Honolulu Tree Planting & Stewardship
In 1913, it was reported that the Queen Emma Summer Palace was to be demolished, and the trees were to be cut down to put in a baseball park. The Daughters of Hawaii and the Outdoor Circle joined forces, and convinced the Honolulu Board of Supervisors to visit the home and grounds with them, where they were able to verbally “paint” a picture of a beautifully restored home with gardens replanted. The Supervisors were won over, and over the next several years, the Outdoor Circle set about restoring the grounds with Hawaiian trees and plantings, and the Daughters of Hawaii refurbished the home with Queen Emma’s possessions and other memorabilia of her era. When it was opened to the public, the people of Hawaii were able to see first-hand a glimpse of history! s3-eu-west-1.amazonaws.com
In 1925, Governor Charles McCarthy asked for the Outdoor Circle’s help in developing plans for the Ala Moana Beach Park area, then used by the city as a dumping ground. Mrs.Walter F. Dillingham, Outdoor Circle President at the time, agreed, and was instrumental in creating the current park plan, with tree-filled spaces, open lawns and promenades for all to enjoy. In the 1930’s, the Outdoor Circle spearheaded a campaign to have grammar schools throughout Oahu sprout 4,000 coconuts for planting around the park’s lagoon. The Outdoor Circle’s nursery at Kapiolani Park provided 2,000 mock orange plants for the six tennis courts, and Outdoor Circle members donated and planted dozens of the magnificent trees that grace the park today. s3-eu-west-1.amazonaws.com
In 1963, at the request of then Governor John Burns, the Outdoor Circle took on the task of renovating the plantings and beautifying the grounds at Washington Place. In the following years, our volunteers continued as landscaping advisors to Governor George Ariyoshi’s wife, as well as to serve as guides for scheduled tours of the historic home’s gardens. s3-eu-west-1.amazonaws.com
In 1914, the grounds of Iolani Palace, then called the Executive Building, were in great disrepair, and the Outdoor Circle stepped in to refurbish the landscaping. In a major undertaking by our volunteers, diseased trees were removed, new trees were planted, the lawns were reseeded, foot paths were constructed, and benches were placed on the grounds. Again, in 1922 and 1923, the Outdoor Circle undertook another major renovation of the landscaping of the Palace grounds. s3-eu-west-1.amazonaws.com
It is believed the stone wall at Punahou School was originally built by Hawaiian chiefs and the Night-Blooming Cereus was planted in 1836 by Sybil Bingham, wife of one of the first missionaries to Hawaii, the Reverend Hiram Bingham. The story is that a cutting was brought to Honolulu by Charles Brewer, the first mate on the Ivanhoe, who had picked it from Mexico en route to Hawaii. Only a single clipping survived the journey, which was given to Mrs. Bingham. Eventually the entire hedge was planted, almost half a mile in length in 1907, becoming one of the most impressive night-blooming cacti hedges in the country. However, in 1923, the beautiful hedge was scheduled for removal, due to road widening on Punahou Street, and the poor condition of the wall itself. The Outdoor Circle opposed the destruction of the hedge, and through their efforts, only a portion of the hedge was removed, and they were able to secure about 1500 cuttings, which were transplanted to Red Hill. You can still see these today as you drive along Moanalua Freeway. ​Another part of the hedge was scheduled to be removed in 1942 by the US Army (who had a presence on the Punahou campus during the World War II), but again the Outdoor Circle stepped in and obtained a truckload of cuttings to plant in many parts of Honolulu. Today these cuttings can still be seen on the slopes of Punchbowl and Round Top and elsewhere around the city. s3-eu-west-1.amazonaws.com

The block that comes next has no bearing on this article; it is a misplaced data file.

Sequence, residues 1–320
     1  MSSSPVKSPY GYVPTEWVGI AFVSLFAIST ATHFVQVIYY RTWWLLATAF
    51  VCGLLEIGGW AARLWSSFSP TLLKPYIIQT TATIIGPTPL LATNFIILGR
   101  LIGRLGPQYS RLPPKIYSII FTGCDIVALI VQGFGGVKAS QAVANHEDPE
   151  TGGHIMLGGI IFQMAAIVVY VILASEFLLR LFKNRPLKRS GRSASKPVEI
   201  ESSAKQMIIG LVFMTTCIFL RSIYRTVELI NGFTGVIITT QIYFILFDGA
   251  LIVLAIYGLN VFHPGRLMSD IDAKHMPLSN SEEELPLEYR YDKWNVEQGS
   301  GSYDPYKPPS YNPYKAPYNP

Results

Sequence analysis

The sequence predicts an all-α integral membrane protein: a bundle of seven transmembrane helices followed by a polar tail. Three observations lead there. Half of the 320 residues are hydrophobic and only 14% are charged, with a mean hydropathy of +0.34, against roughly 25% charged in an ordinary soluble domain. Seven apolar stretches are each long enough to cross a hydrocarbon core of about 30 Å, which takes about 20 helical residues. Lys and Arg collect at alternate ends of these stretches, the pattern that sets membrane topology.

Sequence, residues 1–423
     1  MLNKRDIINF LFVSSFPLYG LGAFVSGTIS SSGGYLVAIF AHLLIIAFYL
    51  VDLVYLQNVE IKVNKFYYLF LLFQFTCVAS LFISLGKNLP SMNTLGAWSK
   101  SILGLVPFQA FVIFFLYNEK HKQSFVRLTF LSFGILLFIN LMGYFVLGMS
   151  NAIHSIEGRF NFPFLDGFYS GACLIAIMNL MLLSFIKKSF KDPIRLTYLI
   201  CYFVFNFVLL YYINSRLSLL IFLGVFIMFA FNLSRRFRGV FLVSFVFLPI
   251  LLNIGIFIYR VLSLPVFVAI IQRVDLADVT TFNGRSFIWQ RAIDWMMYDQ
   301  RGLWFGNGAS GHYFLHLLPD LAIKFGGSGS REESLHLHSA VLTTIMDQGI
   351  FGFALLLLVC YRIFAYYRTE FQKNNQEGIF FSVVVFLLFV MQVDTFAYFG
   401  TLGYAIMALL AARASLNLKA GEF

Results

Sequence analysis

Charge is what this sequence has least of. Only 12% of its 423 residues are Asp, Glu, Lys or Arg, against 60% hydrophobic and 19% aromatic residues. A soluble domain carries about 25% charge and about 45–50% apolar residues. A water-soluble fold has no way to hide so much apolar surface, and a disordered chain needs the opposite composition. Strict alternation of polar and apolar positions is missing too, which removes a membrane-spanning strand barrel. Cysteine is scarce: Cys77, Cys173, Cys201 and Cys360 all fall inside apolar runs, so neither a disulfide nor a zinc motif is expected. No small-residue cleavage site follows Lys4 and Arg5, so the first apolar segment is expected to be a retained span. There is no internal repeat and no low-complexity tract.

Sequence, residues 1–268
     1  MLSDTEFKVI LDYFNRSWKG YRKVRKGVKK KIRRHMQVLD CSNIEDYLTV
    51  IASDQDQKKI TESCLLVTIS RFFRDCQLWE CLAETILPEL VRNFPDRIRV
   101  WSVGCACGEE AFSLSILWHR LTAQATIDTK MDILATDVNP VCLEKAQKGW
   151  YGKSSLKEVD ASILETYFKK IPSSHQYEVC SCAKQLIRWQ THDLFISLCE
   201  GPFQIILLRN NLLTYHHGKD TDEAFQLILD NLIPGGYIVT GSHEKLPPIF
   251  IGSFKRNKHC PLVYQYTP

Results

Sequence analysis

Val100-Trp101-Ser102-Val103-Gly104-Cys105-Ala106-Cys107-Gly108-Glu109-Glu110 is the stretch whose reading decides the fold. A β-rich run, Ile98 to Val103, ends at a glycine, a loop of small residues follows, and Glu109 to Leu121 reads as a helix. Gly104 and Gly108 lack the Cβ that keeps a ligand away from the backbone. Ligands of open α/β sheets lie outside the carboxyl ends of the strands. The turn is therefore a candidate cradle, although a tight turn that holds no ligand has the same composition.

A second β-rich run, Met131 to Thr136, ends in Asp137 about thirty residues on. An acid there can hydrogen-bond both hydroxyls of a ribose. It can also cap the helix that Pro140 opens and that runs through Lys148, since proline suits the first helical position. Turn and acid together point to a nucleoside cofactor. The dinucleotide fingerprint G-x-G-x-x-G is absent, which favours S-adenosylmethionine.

<div><b>Click on TOC logo symbols to view site images.</b></div>
<div>Since TOC successfully acquired and closed down the last operating billboard company in Hawaii in 1926, the organization has consistently advocated against all types of off-site advertising. TOC’s vigilance in prohibiting off-site advertising throughout the state has kept Hawaii one of only 4 states that prohibit this form of advertising clutter, which is a type of visual pollution and blight.</div> s3-eu-west-1.amazonaws.com
Environmental Advocacy Efforts Shown at Right
In 1974, after a five-year effort by the Outdoor Circle, groundbreaking began on the McCoy Pavilion. Longtime Outdoor Circle member, Mrs. Lester McCoy, had bequeathed money to be used to build it, stipulating that the Outdoor Circle was to review the plans for the complex, which included a beautiful tree-filled courtyard and reflecting pools, as shown above. s3-eu-west-1.amazonaws.com
<div>In 1918, Outdoor Circle took it upon themselves to landscape the barren slopes of Tantalus and Round Top Drive overlooking Honolulu. The above photo shows Tantalus circa 1900. The women rode up the rough terrain on horseback, scattering kukui nuts out onto the steep slopes as they went, hoping they’d lodge in the rocky soil and sprout naturally. They also planted bougainvillea and other trees. Today, as you drive these roads, you can still see these silvery-green leaved kukui specimens, as shown in the inset in the photo above.</div>

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